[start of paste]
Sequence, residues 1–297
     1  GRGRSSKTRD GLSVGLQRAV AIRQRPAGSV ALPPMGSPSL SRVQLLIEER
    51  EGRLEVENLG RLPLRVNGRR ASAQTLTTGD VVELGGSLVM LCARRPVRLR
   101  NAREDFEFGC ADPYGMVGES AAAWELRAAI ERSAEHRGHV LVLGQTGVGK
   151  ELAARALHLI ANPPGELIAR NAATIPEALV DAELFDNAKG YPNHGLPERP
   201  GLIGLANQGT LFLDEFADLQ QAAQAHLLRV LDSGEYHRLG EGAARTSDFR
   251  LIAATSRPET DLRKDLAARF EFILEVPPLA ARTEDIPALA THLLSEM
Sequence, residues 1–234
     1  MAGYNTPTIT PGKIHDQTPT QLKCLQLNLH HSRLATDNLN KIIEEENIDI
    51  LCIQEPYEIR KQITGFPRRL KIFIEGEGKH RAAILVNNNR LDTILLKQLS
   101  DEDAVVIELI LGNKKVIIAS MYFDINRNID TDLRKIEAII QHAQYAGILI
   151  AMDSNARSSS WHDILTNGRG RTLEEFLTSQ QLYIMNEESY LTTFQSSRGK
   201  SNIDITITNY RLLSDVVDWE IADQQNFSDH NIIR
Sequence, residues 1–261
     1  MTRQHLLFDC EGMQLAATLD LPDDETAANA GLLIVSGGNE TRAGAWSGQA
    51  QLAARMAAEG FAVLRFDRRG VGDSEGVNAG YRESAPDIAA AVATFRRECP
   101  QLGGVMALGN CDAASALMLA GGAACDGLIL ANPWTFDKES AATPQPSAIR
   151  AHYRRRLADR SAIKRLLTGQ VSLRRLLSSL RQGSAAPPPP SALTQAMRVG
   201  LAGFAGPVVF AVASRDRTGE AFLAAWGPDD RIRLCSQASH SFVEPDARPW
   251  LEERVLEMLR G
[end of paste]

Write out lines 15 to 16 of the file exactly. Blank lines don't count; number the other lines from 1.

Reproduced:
     1  MTRQHLLFDC EGMQLAATLD LPDDETAANA GLLIVSGGNE TRAGAWSGQA
    51  QLAARMAAEG FAVLRFDRRG VGDSEGVNAG YRESAPDIAA AVATFRRECP